Also newly opened is the Turtle Bay Caribbean bar and restaurant in Guildhall Square. These are two examples of a trend towards venues that are attracting people who are going out for a drink but which are not traditional pubs. Readers might like to speculate whether these outlets are pulling drinkers away from the declining number of pubs or are attracting a different audience. Another such venue, Joe Daflo's in Commercial Road, has been renamed The Vestry, reflecting the building's previous use as St Peter's church.

Another name change has occurred in the city with the Boson's Locker reverting to a name that will be familiar to older readers, the Juniper Berry. A search of the internet will reveal the (very) colourful history of the pub under this name. Due to open soon under a new name is the Bevois Castle, which will become the Rockstone. Sadly the nearby Bevois Town remains boarded up and permission has been granted for it to be demolished and replaced by five houses and three flats.

Another well known pub that has reopened after months of uncertainty about its future is the Dolphin in St Denys. The pub has undergone refurbishment and new landlady Lisa Douglas is offering a range of real ales for customers to sample.

On the other side of the Itchen the Obelisk has reopened its doors. It closed in April but has been revived by new landlord Kevin Guerrier with his wife Misa, who are helped to run the Obelisk by their two children. A selection of real ales is available. Owners Enterprise Inns wanted to sell off part of the site for housing but permission has been denied.

The Pensioners in Bedford Place is also under new ownership. The lease has been taken up by Kostas Raftopoulos, who part owns La Margherita restaurant. Now reopened after renovation, the Pensioners has a more airy feel but the only real ale on offer is Greene King IPA. A single handpump is also the situation at another pub under the same ownership, The former Court Jester in Terminus Terrace. It has undergone extensive refurbishment and is now the Antico bar, restaurant and grill.

There is not such good news of the long closed Blacksmith Arms in Romsey Road. Plans have been submitted to covert the listed pub into three houses and build an additional eight homes on the rest of the site. The future of the Woodman in Lordswood is also still uncertain as it has been closed since July.

Two other closed pubs have been put out of their misery after a lingering death. Both the Crown and Sceptre and the Gate in Burgess Road have been demolished. The site of the Crown and Sceptre looks set to feature some greenery and a stone featuring the name of the pub, which was part of the building, now stands as a reminder of what has gone. The site of the Gate is now a car park for the university. Perhaps both of the former pubs should now have their own MySpace pages?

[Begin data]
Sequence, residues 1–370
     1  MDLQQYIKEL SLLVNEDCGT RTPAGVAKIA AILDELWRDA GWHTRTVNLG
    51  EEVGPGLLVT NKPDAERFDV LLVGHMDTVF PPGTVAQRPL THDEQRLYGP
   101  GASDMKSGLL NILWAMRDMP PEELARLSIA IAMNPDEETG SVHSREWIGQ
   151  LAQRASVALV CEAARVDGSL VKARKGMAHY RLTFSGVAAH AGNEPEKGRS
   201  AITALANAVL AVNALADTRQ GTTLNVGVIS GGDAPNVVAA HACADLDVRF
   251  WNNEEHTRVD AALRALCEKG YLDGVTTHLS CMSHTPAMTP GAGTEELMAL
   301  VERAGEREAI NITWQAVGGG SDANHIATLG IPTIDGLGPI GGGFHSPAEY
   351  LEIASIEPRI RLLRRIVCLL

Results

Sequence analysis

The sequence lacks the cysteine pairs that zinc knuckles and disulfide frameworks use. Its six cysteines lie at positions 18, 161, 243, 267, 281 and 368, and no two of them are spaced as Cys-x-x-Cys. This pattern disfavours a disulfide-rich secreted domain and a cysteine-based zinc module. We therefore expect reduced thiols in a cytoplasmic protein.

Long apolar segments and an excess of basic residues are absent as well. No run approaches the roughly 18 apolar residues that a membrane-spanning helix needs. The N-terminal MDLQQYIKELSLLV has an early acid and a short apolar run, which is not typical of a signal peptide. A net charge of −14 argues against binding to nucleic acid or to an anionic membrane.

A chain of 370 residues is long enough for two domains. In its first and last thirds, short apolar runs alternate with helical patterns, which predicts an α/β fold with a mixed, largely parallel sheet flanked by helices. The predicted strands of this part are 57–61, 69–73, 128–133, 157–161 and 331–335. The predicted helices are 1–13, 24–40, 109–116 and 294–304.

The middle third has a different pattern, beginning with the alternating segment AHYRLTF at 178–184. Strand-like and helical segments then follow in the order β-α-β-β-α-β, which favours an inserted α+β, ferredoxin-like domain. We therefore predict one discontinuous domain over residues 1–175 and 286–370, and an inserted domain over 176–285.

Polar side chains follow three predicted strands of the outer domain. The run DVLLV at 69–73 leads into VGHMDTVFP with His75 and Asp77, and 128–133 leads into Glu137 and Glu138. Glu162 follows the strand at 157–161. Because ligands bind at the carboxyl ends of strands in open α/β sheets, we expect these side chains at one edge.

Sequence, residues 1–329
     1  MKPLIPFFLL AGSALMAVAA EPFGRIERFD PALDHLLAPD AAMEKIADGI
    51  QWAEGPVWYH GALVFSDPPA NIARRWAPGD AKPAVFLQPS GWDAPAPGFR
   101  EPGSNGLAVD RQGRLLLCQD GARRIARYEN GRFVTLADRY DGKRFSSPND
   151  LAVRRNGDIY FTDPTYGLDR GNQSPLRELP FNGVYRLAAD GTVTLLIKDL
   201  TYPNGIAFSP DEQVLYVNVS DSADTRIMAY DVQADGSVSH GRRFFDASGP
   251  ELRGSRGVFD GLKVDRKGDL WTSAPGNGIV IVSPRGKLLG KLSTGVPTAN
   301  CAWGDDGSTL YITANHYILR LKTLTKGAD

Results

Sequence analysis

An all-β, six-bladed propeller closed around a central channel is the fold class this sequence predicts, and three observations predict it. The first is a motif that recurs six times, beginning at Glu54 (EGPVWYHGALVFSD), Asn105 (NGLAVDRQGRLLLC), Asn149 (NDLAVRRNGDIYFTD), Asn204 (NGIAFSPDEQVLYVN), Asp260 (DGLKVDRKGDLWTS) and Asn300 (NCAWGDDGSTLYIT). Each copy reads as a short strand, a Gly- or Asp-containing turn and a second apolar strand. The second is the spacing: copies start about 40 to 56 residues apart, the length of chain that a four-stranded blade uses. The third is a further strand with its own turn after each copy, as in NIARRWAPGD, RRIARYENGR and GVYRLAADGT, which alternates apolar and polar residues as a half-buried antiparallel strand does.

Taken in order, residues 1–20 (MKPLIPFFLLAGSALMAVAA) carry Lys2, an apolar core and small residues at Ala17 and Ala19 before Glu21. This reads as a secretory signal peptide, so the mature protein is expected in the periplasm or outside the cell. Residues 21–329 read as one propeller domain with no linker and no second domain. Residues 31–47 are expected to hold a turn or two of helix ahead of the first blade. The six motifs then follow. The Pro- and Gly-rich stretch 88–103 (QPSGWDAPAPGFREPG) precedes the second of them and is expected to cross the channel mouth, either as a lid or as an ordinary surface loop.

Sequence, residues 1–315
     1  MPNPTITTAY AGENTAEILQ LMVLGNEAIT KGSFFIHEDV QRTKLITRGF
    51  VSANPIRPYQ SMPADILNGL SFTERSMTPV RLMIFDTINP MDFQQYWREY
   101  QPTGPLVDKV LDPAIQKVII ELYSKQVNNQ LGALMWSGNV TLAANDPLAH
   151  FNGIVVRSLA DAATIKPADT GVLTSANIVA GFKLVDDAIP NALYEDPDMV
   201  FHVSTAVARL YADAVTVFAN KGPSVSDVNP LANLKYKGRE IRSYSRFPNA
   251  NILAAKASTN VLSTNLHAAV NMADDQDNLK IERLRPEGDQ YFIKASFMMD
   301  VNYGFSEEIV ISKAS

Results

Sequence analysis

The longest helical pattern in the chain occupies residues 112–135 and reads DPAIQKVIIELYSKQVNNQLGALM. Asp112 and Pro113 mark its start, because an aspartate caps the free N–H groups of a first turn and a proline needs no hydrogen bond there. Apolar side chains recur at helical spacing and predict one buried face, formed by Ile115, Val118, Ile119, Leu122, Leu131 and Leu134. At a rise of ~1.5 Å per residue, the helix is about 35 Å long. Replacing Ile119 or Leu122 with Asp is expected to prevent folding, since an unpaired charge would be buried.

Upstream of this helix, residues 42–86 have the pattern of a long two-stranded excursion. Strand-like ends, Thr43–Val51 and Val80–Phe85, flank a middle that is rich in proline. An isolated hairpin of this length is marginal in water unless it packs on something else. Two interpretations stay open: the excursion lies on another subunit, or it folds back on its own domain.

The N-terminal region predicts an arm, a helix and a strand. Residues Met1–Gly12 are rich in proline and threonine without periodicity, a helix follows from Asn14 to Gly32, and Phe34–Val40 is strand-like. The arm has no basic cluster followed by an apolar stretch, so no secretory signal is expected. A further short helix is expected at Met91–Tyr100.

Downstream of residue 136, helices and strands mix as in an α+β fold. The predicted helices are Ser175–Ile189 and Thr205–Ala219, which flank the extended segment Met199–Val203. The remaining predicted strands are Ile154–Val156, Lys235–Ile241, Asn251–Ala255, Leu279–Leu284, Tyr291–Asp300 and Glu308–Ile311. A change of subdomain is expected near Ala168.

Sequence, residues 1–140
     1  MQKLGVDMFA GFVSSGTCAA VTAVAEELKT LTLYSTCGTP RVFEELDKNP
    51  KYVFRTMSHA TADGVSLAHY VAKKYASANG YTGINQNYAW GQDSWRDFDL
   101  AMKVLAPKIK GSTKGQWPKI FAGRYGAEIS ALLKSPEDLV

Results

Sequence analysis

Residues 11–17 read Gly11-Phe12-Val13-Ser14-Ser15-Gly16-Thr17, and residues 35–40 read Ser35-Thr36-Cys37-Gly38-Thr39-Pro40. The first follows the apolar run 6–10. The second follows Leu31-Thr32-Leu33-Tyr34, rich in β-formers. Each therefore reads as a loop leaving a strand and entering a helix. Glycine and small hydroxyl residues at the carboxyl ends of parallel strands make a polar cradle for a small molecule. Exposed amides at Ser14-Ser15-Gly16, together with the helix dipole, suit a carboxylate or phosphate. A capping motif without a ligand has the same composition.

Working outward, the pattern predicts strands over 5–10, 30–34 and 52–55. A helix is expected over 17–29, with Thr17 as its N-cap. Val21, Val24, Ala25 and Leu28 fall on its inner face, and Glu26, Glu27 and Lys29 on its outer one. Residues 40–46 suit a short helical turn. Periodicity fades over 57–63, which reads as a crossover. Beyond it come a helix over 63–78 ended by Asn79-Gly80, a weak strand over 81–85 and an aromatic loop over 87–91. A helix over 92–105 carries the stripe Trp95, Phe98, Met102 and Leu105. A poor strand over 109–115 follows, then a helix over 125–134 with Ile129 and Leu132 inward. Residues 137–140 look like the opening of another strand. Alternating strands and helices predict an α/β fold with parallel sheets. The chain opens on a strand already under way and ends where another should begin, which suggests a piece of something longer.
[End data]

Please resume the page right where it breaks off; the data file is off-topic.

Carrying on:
The Ferment Goes On… Hop Press index

Pat O'Neill

At the start of 2010 there were around a dozen breweries in the county and we applauded the arrival during the year of a further three – Botley, Flack Manor and Hensting – as evidence for the industry's local vitality. 2011 has already achieved the same success with three more new-borns, others rumoured and several enlarging.

Sherfield Village Brewery logoMuch of this activity has been in the north-east of the county. At Sherfield on Loddon on the A33 Basingstoke to Reading road we now have the Sherfield Village Brewery which produced its first brew (a 4.2% bitter, Hindsight ) in May. Already the brewery has embarked on a whole gamut of beer styles with a very light 3.0% bitter ( Threesome ), two best bitters at 4.4% ( Pewter Suitor ) and at 4.5% ( Foresight ) and a 5.0% chocolate stout ( Pioneer ). The brewery is a five-barrel plant based on a working farm and is the brainchild of Peter Cook, owner, brewer, drayman, sales team and general factotum. Its ethos is firmly committed to CAMRA's concepts of 'Locale.'

In addition to the range of its 'normal' brews SVB are also embarking on a range that they call SOLO – Sherfield on Loddon Original – beers. These will specialise in using New World hops, some of quite uncommon varieties. As an example the 4.7% Hoppy Harrington uses five distinct hops: Admiral and Amarillo for bittering, Galena and Green Bullet as a late addition and Motueka as a dry-hop addition to the cask!